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You might assume that over the course of his forty-some year acting career, Al Pacino has probably won enough Oscars to stock a whole trophy room, but actually he’s only won once. It was for his performance as a blind, pissed-off, ex-military man with plans to kill himself after indulging in a weekend of fine food and fine escorts in Scent of a Woman. The movie was kind of a big deal back in the early 90s, getting nominated for a bunch of awards and winning everybody’s grandma and grandpa’s hearts in the theaters. Plus, Pacino had a catchphrase in the movie – “hoo-ah!” – which got referenced and quoted (to an annoying degree) for years after.

In 2009, Ramin Bahrani made a movie about a similarly pissed off old white guy who has made a conscious decision and an appointment to kill himself called Goodbye Solo. It didn’t have any name actors like an Al Pacino, and it didn’t manage to win any awards that you’ve ever heard of, but it was really good anyway. So much so that I think it’s a shame that it never got any play with anyone outside of the movie snob crowd.

What do they have in common?

Well, the most obvious connection is that both of these movies deal quite a bit with suicide. Both of the main characters are proud men who have lived a life of isolation and have gotten to the point where they’re incapable of making connections with other people. Walls are up, defenses are on high alert, and despair has reached its boiling point. But there are also some similarities among the secondary characters. In Scent of a Woman, Pacino’s character is toting around a young prep school kid (Chris O’Donnell) who’s on scholarship and is babysitting a blind man as an odd job. In Goodbye Solo the suicidal character (Red West) falls into a tenuous relationship with a Senegalese cab driver (Souleymane Sy Savane) who becomes an unlikely roommate. There are class issues going on with both characters. They’re both struggling to make it in worlds where the odds are stacked against them and they have to hustle twice as fast as everyone else to make their place, and they’re both oddly supplicating when relating to the other protagonists.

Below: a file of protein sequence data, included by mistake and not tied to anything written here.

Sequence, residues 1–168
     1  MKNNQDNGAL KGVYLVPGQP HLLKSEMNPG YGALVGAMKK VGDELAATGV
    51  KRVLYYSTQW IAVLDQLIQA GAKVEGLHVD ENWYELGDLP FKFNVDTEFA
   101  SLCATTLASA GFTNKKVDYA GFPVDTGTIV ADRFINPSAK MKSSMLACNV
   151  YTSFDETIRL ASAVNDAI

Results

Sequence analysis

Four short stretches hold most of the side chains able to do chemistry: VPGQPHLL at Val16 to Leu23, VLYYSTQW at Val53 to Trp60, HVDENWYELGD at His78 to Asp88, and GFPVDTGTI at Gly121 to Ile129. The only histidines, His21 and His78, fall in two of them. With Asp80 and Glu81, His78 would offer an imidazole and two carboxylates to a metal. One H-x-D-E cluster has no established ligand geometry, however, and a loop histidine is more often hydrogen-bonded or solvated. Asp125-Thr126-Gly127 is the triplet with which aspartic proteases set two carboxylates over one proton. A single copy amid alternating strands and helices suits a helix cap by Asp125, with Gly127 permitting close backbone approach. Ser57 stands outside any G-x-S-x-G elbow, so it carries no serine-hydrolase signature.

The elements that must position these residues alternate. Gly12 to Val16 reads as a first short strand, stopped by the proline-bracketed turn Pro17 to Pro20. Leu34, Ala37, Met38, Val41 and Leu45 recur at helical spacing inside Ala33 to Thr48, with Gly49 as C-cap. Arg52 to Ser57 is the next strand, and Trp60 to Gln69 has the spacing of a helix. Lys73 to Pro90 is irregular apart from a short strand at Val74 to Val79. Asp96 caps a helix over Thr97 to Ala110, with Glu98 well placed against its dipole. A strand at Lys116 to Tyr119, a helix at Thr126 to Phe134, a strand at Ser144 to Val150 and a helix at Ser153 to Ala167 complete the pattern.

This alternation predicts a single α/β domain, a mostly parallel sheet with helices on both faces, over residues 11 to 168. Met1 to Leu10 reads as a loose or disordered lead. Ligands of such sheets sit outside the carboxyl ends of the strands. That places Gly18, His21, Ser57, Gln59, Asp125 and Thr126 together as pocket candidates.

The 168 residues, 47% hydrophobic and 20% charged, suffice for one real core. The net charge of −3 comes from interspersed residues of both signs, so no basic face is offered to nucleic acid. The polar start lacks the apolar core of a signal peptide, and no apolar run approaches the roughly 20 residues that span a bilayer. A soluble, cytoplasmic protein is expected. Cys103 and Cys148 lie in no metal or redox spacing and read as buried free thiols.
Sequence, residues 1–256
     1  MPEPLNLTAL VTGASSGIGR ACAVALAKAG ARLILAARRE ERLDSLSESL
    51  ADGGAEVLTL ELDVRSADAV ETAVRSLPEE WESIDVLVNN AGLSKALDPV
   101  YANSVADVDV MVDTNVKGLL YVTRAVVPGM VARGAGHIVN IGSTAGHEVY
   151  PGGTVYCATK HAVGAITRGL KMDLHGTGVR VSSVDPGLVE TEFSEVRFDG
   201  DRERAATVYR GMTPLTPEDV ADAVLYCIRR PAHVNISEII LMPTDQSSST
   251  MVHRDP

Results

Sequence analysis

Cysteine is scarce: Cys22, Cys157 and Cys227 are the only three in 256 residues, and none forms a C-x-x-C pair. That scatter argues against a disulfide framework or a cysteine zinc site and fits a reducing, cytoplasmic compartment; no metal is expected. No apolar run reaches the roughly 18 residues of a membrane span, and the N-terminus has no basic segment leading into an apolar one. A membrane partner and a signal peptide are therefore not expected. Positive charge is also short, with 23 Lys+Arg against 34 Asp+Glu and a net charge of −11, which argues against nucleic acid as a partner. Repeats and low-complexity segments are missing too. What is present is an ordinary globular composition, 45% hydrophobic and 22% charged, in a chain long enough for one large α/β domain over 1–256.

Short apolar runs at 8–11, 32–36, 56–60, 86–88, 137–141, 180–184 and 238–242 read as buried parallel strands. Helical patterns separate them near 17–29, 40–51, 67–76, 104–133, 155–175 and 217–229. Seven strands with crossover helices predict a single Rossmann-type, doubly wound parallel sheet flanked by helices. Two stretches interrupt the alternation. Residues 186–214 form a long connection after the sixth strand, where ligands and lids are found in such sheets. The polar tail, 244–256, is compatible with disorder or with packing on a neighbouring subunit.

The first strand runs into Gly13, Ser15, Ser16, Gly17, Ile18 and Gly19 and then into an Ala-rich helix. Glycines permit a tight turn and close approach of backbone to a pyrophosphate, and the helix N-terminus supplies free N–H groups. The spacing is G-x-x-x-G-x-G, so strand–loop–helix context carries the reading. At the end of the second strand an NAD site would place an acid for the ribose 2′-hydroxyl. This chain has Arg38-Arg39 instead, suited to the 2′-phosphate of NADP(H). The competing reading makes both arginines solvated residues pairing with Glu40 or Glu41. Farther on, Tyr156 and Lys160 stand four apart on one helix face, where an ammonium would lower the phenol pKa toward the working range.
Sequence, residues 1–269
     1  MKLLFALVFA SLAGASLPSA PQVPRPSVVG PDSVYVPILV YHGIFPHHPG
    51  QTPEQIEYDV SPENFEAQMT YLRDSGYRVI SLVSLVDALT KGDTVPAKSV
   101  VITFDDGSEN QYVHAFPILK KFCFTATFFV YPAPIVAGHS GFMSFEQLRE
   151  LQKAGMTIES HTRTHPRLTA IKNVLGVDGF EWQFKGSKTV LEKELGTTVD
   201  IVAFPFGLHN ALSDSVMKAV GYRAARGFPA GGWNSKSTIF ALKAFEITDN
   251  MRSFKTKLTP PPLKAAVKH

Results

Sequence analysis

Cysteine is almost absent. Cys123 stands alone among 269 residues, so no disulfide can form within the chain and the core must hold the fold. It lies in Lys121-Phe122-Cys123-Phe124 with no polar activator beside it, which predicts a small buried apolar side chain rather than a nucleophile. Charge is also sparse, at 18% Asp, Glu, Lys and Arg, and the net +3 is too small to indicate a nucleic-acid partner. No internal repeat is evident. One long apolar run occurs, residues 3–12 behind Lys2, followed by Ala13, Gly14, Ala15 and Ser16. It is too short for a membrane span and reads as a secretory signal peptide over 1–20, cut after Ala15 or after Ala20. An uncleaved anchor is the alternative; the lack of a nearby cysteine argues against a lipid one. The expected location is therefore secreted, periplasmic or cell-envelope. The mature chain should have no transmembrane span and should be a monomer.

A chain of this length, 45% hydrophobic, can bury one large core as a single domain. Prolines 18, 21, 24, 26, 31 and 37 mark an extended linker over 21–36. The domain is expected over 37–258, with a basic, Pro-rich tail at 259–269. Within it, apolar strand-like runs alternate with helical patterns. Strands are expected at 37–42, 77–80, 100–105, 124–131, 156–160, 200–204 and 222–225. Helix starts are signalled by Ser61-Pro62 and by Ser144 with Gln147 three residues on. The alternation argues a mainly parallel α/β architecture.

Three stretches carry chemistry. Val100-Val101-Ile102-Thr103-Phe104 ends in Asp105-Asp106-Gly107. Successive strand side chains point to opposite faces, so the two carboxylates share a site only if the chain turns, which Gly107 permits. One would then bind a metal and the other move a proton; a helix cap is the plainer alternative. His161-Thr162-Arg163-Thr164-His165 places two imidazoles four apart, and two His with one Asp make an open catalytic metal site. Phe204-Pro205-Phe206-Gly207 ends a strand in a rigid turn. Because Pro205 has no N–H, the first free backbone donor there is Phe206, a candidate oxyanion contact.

Why is Scent of a Woman overrated?

While Scent of a Woman is a movie that has its charms, it’s also a movie that hits you over the head with a brick. The prep school is full of sniveling, two-faced villains, and seemingly for no reason. There’s a subplot where Chris O’Donnell’s character witnesses some other students pulling a prank on the school’s headmaster that leads to a public trial and a moral quandary that O’Donnell wrestles with. He has to decide if he snitches and gets favors from the headmaster or if he keeps his mouth shut and gets expelled from school. The kids who pull the prank are cocky little shits to the ninth degree, the headmaster is an unbelievably conniving jerk, and they all just look like comic book villains. Not only isn’t their one-dimensional villainy necessary to the story, it’s actually harmful. O’Donnell’s conundrum would have been far more complex and affecting if they were three dimensional characters who were all just involved in an awkward situation.

The movie couldn’t possibly have made more of a melodramatic display of the Pacino character’s impending suicide. Every moment that he and O’Donnell share together is so visibly crafted to lead to uplifting and insightful catharsis that the film self-sabotages. And Thomas Newman’s pandering, manipulative score just underlines the efforts. Insight and inspiration should be the pleasant side effect of effective storytelling, when you make it the goal you start to look phony and you make it hard for the audience to put their trust in you. As soon as I feel a calculated effort to tug on my heart strings I tune out of what I’m watching. As a filmmaker you have to woo me, lull me into a place of complacency, and then strike with your hard hitting sales pitch. Scent of a Woman doesn’t have the subtlety of approach to fully achieve its lofty goals.